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What is Sclera?

The Sclera is known to be the white part of the eye surrounding the corona. It covers almost 80% of the area of the eye that the sclera covers, starting from the cornea and extending to the optic nerve. The optic nerve is extended to the back portion of the eye. We can only see a very little portion of the sclera as we can also see the eyeball. The sclera is actually what is the white part of the eye called. Now that we know what is the sclera, let us learn its functions and related issues in detail.

Sclera of Eye

The sclera of the eye is one type of connecting tissue continuing with the stroma layer of the corona. Limbus is known to be the connection part between the clear cornea and the white sclera. The thickness of the sclera ranges from 0.3 mm up to 1 mm. It is made up of small fibres or fibrils of collagen that are generally interlacing and irregular bundles. The flexibility and strength of the eyeball depend on these connective tissues as these form an interweaving arrangement. The sclera has a limited supply of blood and so is usually metabolically inactive. Though sclera has no blood vessels or is known to be avascular, many blood vessels pass through it.

Episclera is a thin layer of connective tissue present in the top of the sclera, the white part of the eye. It’s that transparent conjunctiva that covers the part of the episclera and sclera. It also generates some blood vessels, which are the primary reason for the nourishment of the sclera. Underlying chloride is another reason for the nourishment of sclera. Chloride is nothing but one vascular layer from the eyeball that’s placed between the retina and sclera.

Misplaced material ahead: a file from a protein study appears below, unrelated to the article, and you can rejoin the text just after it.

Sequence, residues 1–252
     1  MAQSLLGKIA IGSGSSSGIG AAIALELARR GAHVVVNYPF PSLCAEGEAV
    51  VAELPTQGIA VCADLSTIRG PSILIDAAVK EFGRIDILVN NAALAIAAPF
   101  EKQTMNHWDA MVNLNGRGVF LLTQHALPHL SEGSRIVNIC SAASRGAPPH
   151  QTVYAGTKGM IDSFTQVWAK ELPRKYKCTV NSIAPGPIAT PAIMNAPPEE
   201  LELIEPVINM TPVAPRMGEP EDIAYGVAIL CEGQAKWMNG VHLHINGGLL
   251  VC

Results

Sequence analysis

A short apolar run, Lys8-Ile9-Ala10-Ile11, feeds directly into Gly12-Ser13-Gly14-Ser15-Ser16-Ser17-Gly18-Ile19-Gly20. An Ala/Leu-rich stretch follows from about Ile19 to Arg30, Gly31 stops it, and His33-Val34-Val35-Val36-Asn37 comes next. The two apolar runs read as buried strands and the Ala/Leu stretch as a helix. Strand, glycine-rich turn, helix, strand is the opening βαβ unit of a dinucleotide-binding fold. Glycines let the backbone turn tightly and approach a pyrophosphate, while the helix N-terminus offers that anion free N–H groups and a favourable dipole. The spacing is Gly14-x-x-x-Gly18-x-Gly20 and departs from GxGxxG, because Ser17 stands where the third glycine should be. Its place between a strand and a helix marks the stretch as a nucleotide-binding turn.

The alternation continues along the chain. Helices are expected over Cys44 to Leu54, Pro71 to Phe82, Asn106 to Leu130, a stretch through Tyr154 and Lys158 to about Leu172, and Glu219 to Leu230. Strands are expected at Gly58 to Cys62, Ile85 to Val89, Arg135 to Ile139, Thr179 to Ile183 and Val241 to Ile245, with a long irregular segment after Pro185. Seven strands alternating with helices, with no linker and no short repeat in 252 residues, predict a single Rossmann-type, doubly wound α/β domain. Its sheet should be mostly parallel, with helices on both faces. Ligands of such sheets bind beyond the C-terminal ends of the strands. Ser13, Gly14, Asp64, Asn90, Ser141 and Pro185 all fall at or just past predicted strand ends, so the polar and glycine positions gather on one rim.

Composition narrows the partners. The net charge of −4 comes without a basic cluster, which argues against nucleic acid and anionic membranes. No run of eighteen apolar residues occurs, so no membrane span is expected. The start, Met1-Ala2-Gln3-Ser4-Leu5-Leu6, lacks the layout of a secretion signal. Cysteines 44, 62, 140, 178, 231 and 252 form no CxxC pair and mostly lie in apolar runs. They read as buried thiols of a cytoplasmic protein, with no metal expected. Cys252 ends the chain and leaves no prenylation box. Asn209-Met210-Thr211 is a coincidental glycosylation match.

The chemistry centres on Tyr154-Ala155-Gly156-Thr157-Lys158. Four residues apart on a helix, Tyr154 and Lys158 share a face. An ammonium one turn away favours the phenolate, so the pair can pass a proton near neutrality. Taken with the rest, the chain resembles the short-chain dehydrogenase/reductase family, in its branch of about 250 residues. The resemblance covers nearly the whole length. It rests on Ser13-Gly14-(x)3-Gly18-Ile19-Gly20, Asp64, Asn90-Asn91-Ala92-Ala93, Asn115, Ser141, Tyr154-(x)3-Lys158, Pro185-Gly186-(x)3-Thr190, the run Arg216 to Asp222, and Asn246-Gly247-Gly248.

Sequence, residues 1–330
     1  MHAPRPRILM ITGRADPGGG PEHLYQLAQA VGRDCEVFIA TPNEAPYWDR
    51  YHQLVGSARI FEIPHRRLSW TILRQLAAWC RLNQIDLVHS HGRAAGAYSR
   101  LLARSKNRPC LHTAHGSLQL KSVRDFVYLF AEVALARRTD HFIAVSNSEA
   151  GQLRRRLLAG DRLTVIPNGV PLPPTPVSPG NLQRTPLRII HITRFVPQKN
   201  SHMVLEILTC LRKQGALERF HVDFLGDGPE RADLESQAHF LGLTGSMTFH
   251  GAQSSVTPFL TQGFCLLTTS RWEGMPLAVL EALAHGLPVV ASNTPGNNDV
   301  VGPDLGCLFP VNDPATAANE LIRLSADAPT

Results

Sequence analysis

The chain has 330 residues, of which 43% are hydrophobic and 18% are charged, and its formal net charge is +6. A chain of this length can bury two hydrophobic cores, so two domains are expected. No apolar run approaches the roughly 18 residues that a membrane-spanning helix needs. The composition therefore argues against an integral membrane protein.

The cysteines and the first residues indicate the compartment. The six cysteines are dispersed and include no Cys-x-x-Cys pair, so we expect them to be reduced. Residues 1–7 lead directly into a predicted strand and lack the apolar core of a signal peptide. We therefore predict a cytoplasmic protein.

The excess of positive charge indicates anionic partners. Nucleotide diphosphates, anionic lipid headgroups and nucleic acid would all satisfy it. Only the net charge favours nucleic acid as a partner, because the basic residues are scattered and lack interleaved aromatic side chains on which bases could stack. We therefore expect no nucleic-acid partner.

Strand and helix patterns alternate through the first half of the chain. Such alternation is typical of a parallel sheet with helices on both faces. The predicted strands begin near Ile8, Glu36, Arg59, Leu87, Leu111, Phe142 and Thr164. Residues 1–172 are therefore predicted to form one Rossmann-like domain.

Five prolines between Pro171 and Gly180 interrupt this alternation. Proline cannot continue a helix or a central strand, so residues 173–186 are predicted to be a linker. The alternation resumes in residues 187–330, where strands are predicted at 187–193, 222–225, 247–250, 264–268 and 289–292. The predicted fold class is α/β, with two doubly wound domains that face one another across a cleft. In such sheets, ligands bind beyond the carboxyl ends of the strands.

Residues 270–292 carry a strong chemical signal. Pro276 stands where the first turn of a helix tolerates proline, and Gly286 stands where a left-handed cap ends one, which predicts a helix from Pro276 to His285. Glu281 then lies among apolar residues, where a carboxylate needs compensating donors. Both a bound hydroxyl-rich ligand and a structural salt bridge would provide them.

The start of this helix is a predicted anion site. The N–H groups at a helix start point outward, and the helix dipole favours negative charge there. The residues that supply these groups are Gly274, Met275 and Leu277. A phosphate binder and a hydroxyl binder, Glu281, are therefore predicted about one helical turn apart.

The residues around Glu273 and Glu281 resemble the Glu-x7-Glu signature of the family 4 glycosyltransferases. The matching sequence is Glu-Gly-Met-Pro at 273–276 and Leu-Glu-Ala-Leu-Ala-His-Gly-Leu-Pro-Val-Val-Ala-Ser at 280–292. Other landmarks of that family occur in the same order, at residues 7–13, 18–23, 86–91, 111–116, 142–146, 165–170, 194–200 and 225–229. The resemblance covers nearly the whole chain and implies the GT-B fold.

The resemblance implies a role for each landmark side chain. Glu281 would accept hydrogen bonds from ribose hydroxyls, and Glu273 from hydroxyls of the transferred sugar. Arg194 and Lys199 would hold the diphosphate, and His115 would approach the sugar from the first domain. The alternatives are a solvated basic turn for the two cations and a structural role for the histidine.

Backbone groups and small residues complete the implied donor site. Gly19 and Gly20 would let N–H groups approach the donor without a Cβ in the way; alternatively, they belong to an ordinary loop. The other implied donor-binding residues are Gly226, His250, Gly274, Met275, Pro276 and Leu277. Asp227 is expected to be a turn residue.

Function of Sclera

  • It maintains the proper function of the eye or eyeball. Intraocular pressure (IOP) also helps in the same sclera function.

  • It protects the eye from any serious damage that might happen from rupture or laceration. 

  • It also protects the eyeball from any external trauma. 

  • Extraocular muscles are responsible for eye movement. The sclera provides one type of sturdy attachment to these muscles. This is another important sclera function. It helps to locate the sight, particularly where one individual is looking. It makes it easier when it comes to non-verbal communication.

  • Low-velocity injury can’t go through the sclera. 

  • It is rarely injured by heat hence protecting the eye indirectly. 

  • The sclera is also resistant to toxic chemicals, thereby protecting the eye. The reflexive mechanism that is tears easily wash away the chemicals. Sclera eye function protects the eye in many ways.

Different Problems Related to the Sclera

Scleral Icterus or yellow eyes is one eye condition where the sclera becomes yellowish. This happened when someone got liver issues or hepatitis. Though there is some controversy regarding the fact where researchers state that jaundice or yellowing of the eye actually occurs in the part of the conjunctiva. However, many doctors call such issues scleral icterus. Bilirubin or blood serum increment is known to be the reason for jaundice or yellow eye. If you have any such issues immediately, the doctor's suggestion would be to do a blood test that will identify the issue if it's related to a liver problem or not.